A scene from the book and movie “A River Runs Through It” shows a father teaching his son the art of writing. The lesson involves improving the boy’s essays with tight editing. Every time the boy successfully cuts the essay in half, his father says that’s good, now cut it in half again.
That may be happening at the Department of Health Care Services.
Federal officials have asked California officials to trim back a Medicaid waiver plan by more than half, and they could be looking to trim it again.
In March, the department submitted an ambitious, forward-thinking $17 billion waiver request to CMS officials. The five-year plan was a natural follow-up in principle to the highly successful $10 billion “Bridge to Reform” waiver that helped implement the Affordable Care Act in California.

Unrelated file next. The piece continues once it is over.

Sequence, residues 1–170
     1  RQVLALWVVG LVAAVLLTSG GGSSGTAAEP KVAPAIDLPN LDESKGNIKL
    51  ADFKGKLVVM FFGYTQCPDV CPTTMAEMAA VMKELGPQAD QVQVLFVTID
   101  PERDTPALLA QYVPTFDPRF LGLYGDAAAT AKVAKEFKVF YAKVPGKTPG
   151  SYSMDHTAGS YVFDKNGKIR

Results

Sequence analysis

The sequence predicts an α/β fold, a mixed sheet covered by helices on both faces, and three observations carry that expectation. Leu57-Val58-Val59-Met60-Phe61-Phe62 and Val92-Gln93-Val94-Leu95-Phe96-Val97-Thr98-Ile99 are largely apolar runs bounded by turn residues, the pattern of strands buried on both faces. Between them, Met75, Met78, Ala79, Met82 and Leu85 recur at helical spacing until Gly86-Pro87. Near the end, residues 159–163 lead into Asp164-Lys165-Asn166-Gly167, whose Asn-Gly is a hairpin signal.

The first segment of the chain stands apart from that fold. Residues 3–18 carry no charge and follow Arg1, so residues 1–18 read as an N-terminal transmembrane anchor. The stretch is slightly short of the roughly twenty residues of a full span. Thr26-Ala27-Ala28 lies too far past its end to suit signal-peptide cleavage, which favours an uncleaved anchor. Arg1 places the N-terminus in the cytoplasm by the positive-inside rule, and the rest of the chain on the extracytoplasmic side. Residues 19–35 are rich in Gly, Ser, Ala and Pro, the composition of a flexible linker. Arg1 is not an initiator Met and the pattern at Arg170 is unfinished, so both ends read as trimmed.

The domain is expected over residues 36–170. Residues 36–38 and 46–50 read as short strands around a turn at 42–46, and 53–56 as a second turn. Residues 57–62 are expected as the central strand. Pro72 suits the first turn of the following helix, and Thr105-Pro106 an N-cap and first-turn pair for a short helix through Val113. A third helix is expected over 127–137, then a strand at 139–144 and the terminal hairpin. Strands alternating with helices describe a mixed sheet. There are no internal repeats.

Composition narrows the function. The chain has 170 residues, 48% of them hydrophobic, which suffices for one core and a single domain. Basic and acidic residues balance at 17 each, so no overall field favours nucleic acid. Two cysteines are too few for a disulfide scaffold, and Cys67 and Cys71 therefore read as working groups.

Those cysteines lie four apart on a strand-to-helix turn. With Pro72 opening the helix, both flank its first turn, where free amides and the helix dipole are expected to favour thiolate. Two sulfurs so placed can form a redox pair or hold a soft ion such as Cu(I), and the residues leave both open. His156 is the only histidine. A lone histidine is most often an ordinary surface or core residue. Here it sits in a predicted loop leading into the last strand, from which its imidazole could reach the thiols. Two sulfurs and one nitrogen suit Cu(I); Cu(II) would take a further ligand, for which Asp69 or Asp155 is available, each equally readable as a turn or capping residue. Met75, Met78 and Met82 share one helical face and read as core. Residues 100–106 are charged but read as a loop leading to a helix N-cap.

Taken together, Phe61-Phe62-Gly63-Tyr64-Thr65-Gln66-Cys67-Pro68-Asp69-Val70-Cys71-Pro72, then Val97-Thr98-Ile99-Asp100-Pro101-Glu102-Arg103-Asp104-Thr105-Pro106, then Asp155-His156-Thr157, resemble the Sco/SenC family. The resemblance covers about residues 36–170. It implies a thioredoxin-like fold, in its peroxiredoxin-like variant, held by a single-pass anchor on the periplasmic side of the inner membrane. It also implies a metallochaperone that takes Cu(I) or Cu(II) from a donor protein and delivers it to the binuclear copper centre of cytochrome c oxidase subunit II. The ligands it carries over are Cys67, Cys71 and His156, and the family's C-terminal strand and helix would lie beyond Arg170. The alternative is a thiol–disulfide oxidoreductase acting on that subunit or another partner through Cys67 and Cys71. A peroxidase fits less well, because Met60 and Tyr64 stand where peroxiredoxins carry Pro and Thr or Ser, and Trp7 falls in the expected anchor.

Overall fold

The idea was to build on the success of implementation by focusing upcoming reform efforts on revamping Medi-Cal’s payment structure and delivery systems. The plan also included an affordable housing component.
In October, though, DHCS officials made it clear that negotiations with CMS officials had resulted in a narrowing of the waiver’s scope — down to a waiver request of $7.25 billion, a drop of about $10 billion.
And there is certainly no guarantee that federal officials will sign off on the truncated waiver proposal. Advocates have speculated it will drop by half again, and perhaps even lower than that.
What Happened to the Waiver Plan?